Musing of a millennial inspired by Jessica Williams
By Arielle Cruz
Jessica Williams said, in the middle of her comedy performance in Statler Hall, that our generation has grown up in wartime. That’s a kind of old timey phrase, “wartime.” It makes you think back to the ’30s, and rations, and women and children smudged with dirt, going to the factories for work to make weapons and appliances. It reminds me of films I watched in high school history that are nameless in my memory, but seemed to feature a lot of white haired men repeating the phrase “wartime.” Regardless of the connotation, that’s when we grew up—in a time when our country was at war. Our country’s longest war. And that identity has shaped us deeply, like it has shaped every other generation that has come of age in times of American bloodshed in far-flung countries across the globe.
Unlike other generations that have brandished this label, we are not mostly manual laborers, we aren’t gung ho fighters, we aren’t angry and weren’t drafted against our will. Instead, we trusted and then distrusted the government to take vengeance for a terrible act. We are apathetic about the effectiveness of our politicians. We are technologically savvy, well-connected to one another via media, we are egocentric. Or at least, those are our stereotypes. We are activists, or we want to be, but a decade too late and for issues that have little to do with foreign policy. We are just recently reinventing activism in the scope of our new Silicon Valley-driven world, and we are using our power to defend social issues that date back to the Civil War and suffrage. We are an odd generation. Books will be written about us; many already have been.
We never really think about our generation in the scope of the war. We think about it in the scope of everything else—technology, relationships, living at home, healthcare for the baby boomers—but not war. However, the War on Terror and its resulting effects have had a gigantic impact on how we view the world. In a recent article in The Atlantic, Ron Fournier explains one of these major effects—that Millennials are becoming more negative and cynical about politics and our political processes as a whole. According to the article, there are four things you need to know about us as a generation: “Millennials, in general, are fiercely committed to community service. They don’t see politics or government as a way to improve their communities, their country, or the world. So the best and brightest are rejecting public service as a career path. Just as Baby Boomers are retiring from government and politics, Washington faces a rising-generation ‘brain drain.’ The only way Millennials might engage Washington is if they radically change it first.”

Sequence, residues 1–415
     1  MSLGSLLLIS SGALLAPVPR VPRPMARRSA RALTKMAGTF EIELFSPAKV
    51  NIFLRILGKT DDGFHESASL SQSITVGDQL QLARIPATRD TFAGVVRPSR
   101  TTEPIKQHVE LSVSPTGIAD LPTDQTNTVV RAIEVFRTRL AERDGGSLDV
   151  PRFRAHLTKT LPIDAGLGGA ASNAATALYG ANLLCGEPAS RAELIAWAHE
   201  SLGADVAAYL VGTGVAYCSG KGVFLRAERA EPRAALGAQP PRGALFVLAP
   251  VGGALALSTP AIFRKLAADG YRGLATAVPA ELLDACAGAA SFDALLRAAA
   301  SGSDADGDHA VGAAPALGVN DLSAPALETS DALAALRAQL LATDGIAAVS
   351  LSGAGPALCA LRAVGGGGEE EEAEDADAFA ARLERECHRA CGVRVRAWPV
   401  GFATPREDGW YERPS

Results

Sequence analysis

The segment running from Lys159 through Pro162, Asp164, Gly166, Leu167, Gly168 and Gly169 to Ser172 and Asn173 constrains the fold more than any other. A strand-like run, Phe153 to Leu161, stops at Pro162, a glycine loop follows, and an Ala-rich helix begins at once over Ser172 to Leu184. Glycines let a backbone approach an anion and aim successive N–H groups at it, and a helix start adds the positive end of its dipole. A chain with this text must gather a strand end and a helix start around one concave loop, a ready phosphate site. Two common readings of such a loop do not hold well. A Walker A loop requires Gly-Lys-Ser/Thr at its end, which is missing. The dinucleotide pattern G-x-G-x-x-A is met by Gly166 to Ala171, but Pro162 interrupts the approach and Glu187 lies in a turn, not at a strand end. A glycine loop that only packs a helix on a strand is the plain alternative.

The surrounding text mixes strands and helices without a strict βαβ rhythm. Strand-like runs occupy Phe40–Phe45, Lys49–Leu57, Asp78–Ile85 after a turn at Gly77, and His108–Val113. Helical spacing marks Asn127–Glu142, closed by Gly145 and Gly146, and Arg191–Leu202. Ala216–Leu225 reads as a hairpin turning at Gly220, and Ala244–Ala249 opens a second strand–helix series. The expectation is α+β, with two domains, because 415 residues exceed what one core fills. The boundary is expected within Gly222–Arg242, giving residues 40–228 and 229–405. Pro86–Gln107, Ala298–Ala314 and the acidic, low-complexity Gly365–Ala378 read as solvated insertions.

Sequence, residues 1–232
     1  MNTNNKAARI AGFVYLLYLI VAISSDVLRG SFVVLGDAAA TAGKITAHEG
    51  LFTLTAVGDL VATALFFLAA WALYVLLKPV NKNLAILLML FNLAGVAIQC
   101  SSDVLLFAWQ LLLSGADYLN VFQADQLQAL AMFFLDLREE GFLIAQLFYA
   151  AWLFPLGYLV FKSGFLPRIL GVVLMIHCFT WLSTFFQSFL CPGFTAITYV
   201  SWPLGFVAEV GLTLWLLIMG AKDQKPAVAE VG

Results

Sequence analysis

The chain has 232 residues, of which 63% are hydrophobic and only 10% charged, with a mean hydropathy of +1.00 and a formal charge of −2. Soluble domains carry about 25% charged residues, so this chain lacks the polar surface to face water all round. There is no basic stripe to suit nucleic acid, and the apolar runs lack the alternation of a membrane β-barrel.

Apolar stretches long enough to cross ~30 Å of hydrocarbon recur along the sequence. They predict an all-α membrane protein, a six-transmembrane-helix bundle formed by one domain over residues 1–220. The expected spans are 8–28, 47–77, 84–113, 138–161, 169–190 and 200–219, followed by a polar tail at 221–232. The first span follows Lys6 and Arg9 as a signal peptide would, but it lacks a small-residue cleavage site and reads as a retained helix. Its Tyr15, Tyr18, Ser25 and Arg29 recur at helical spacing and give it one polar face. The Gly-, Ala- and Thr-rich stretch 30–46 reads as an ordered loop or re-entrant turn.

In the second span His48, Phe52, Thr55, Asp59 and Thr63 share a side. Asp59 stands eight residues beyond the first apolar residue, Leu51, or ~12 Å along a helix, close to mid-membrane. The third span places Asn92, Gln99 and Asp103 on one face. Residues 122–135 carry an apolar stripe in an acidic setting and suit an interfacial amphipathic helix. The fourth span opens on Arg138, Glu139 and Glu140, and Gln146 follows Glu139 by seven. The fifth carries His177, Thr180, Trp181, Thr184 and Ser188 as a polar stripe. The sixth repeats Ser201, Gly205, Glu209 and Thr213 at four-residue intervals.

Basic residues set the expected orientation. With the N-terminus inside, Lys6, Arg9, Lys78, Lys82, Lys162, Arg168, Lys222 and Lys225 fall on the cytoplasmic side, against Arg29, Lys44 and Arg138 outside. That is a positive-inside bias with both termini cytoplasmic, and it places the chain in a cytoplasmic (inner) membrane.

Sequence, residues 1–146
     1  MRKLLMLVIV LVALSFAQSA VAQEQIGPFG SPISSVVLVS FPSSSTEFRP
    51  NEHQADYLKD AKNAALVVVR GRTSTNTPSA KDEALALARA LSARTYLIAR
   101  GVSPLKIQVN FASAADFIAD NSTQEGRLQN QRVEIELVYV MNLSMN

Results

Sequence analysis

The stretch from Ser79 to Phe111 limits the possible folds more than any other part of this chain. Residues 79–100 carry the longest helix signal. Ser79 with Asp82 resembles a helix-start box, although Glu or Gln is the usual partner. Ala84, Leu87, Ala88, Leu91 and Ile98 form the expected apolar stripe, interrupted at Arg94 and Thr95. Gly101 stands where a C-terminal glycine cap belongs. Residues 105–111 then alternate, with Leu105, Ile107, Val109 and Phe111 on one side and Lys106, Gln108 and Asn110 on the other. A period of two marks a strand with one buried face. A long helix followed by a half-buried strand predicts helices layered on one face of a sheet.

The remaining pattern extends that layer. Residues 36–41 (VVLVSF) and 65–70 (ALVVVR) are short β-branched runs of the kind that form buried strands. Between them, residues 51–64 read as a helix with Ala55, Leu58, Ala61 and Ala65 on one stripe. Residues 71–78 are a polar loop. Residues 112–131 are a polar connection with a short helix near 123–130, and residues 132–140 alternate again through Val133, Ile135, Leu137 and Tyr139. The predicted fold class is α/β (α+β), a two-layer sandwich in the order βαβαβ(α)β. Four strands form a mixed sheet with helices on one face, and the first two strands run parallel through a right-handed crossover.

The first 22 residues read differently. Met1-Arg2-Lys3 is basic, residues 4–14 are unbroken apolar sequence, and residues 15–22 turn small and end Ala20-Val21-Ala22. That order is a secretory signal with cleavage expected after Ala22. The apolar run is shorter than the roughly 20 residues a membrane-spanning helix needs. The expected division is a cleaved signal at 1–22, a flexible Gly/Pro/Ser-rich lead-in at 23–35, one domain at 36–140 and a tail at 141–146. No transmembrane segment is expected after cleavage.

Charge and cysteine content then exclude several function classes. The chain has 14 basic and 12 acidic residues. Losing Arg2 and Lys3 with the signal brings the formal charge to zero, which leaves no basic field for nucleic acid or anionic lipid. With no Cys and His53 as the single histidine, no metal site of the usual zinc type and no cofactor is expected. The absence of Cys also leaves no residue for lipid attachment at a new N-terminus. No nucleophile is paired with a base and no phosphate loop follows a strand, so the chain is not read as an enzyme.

“We are apathetic about the effectiveness of our politicians. We are technologically savvy, well-connected to one another via media; we are ego-centric. Or at least those are our stereotypes. We are activists, or we want to be…”
I hate to indulge most articles that talk about our identity as “Millennials,” but this is one of the few that have ever made sense to me. I can’t disagree with any of these points. I don’t have a single friend who has any desire to go into politics, and if any of us insinuated that public office was one of our goals, I think we would all laugh. It’s a running joke. In theory, there is nothing wrong with going into politics. These jobs are necessary, and they should be held by the best and brightest in our age group—but they probably won’t be because many of these individuals have lost faith in the government. A lot of this loss of faith has to do with the events leading up to the general distrust in our political system. In a study by The Harvard IOP, the “Survey of Young Americans’ Attitudes Toward Politics and Public Service,” a third of Millennials agree that “political involvement rarely has any tangible results.”
Much of this has to do with feeling that our government has worked against us. We’ve been through scandal after scandal: From the middle east having weapons of mass destruction and then never having them, to the party gridlock that has stopped progress over the past few years, to Edward Snowden’s document leak informing the public that our government is pulling a 1984. Each of these are events stemming (pardon my generalization) from the events surrounding and following those on September 11, 2001. The Patriot Act was written to handle terrorism threats, after all.
Though the war in Iraq has officially come to an end, it has clearly shaped our political views, and our views about how to get things done. After all of the mess that takes place during any war, we have revolted. We have a no-nonsense policy when it comes to inefficiency, and are intent on serving our country and the world through the private sector and non-profits, instead of contributing to the Washington processes that many of us see as outdated. We have dissented and there is no way to gauge how it will affect the future. No other generation has responded to inefficiency in quite the same way, and perhaps that is one of the results of our modern level of information access.
No matter how you slice it, we are the modern children of wartime, and in many ways it has meant being the modern children of political inefficiency. When our kids are in high school maybe they will watch videos about us in high school, and men with white hair will be calling us the kids who grew up in the wake of the War on Terror. Maybe its just another label we can place on “Millennials.” There’s no way to tell but with time.